How You Can Help Improve Mental Health Care for Veterans
On August 5th, the US Senate passed the CVB-supported Commander John Scott Hannon Veterans Mental Health Care Improvement Act of 2019 (S. 785) by unanimous consent. The bill, which was cosponsored by Senator Jerry Moran, R-Kan., Chairman of the Senate Veterans’ Affairs Committee, and Sen. Jon Tester, D-Mont., the ranking Democrat on the Senate Veterans’ Affairs Committee, aims to improve Veterans’ access to mental health care as well as make necessary investments into suicide prevention measures and support innovative mental health research. The bill must still pass the House before becoming law. A full text of the bill can be found here.
OVERVIEW OF VETERANS MENTAL HEALTH CARE IMPROVEMENT ACT
The Commander John Scott Hannon Veterans Mental Health Care Improvement Act will improve Veterans mental health care access and options (particularly in rural and hard-to-reach areas) in five ways:
- Bolster the VA’s mental health workforce to serve more Veterans by giving the VA direct hiring authority for more mental health professionals, offering scholarships to mental health professionals to work at Veterans Centers, and placing at least one Suicide Prevention Coordinator in every VA hospital.
- Improve rural veterans’ access to mental health care by increasing the number of locations at which Veterans can access VA Tele-health services and offering grants to non-VA organizations that provide mental health services or alternative treatments for Veterans.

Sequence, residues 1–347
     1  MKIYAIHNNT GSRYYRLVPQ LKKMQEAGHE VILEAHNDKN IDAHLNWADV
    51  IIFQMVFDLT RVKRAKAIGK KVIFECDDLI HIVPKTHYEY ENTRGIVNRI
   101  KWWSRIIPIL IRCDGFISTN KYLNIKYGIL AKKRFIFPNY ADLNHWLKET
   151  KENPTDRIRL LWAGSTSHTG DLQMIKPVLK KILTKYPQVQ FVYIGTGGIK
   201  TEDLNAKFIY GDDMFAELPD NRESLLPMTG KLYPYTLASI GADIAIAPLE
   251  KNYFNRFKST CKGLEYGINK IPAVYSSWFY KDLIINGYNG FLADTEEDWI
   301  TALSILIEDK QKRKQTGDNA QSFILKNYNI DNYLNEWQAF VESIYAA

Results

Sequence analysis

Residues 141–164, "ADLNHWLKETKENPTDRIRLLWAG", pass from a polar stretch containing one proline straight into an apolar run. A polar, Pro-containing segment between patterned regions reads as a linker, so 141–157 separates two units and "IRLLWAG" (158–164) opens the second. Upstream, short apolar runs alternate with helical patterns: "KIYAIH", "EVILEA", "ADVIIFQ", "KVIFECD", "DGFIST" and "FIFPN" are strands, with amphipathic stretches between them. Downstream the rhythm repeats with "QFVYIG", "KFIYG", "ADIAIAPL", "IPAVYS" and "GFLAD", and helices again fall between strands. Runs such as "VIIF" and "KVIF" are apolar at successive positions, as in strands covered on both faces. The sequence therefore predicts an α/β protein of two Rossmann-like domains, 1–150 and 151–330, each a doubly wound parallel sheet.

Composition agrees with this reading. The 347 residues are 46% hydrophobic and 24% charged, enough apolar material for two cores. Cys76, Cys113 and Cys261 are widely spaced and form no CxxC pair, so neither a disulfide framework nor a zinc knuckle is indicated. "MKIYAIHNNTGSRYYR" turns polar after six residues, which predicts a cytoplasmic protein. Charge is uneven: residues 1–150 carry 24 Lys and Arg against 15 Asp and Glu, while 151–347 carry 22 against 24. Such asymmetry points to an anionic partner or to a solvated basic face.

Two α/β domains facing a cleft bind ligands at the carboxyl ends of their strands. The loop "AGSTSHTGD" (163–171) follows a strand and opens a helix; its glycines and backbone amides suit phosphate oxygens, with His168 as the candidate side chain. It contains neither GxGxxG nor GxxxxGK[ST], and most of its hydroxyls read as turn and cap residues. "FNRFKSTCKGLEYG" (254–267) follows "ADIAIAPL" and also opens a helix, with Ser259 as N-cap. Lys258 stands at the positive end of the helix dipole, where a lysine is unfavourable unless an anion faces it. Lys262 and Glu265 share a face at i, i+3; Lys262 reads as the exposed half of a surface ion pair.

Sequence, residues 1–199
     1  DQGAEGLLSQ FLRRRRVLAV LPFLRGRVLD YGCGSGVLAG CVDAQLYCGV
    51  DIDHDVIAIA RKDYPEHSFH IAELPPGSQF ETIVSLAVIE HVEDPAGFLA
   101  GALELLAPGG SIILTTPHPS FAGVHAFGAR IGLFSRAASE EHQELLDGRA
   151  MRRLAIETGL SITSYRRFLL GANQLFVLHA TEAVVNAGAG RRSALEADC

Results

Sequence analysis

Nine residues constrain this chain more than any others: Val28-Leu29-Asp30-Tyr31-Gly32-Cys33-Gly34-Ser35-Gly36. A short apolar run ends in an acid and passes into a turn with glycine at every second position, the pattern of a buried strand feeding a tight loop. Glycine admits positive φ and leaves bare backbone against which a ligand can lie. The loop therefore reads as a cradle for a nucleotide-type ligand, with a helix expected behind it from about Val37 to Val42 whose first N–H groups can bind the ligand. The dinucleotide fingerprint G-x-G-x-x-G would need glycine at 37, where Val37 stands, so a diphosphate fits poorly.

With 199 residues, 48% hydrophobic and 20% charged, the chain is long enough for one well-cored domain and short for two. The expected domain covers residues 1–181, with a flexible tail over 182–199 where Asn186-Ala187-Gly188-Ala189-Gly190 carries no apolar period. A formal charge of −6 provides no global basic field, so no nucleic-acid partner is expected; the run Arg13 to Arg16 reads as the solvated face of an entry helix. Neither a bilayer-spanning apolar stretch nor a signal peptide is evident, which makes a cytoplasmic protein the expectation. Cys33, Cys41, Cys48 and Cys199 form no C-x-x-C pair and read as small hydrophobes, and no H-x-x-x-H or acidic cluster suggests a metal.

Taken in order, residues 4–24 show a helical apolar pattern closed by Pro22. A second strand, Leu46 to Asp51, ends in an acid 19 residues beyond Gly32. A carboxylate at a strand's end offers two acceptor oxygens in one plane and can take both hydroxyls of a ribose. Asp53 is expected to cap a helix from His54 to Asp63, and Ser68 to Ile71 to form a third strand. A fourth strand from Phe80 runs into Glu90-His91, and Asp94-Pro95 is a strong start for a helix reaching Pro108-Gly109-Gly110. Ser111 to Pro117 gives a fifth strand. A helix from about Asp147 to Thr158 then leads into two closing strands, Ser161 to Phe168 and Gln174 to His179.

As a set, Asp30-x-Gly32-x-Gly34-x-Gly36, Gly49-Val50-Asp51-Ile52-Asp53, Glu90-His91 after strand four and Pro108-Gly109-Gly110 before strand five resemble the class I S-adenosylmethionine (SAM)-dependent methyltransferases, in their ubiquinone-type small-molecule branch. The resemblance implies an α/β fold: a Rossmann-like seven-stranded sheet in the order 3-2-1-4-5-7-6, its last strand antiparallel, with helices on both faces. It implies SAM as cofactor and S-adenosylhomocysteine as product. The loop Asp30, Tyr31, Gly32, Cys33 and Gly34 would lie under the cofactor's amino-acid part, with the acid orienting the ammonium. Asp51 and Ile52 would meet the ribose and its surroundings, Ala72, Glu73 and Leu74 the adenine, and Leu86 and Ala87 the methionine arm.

- Strengthen support and assistance for service members who are transitioning out of the military by automatically giving every service member one full year of VA health care, including mental health care, when they leave the military and improving services that connect transitioning Veterans with career and education opportunities.
- Study and invest in innovative and alternative treatment options by expanding veterans’ access to animal, outdoor, or agri-therapy, yoga, meditation, and acupuncture, and investing in VA research into the impact of living at high altitude on veterans’ suicide risk and identifying and treating mental illness.
- Hold the VA accountable for its mental health care and suicide prevention efforts by examining how the VA manages its suicide prevention resources and how the VA provides seamless care as well as information sharing for Veterans seeking mental health care from both the VA and community providers.
CVB, who is a founding member of the Coalition to Heal Invisible Wounds, has specifically advocated for two parts of the bill:
- Sections 704/705: Two provisions aimed at improving Veterans access to cutting edge clinical trials at the VA as part of the Coalition to Heal Invisible Wounds’ “100 Days Faster Initiative”.
Sec. 704. Use by Department of Veterans Affairs of commercial institutional review boards in sponsored research trials.
Sec. 705. Creation of Office of Research Reviews within the Office of Information and Technology of the Department of Veterans Affairs.
- Section 305/306: Advancing data-driven biomarker discovery for brain health to drive precision medicine.
Sec. 305. Precision medicine initiative of Department of Veterans Affairs to identify and validate brain and mental health biomarkers.
Sec. 306. Statistical analyses and data evaluation by Department of Veterans Affairs.
What’s next for this bill?
The bill must still pass the House and be signed into law by the President. CVB continues to advocate in the House for these critical measures in the bill as part of our mission to speed diagnostics and therapeutics for those Veterans suffering from the devastating effects of trauma-related brain disorders.
You can help us in this fight: contact our Director of Advocacy and Policy to learn more about how you can become involved with our advocacy efforts on this bill.
Director of Policy & Advocacy
Cohen Veterans Bioscience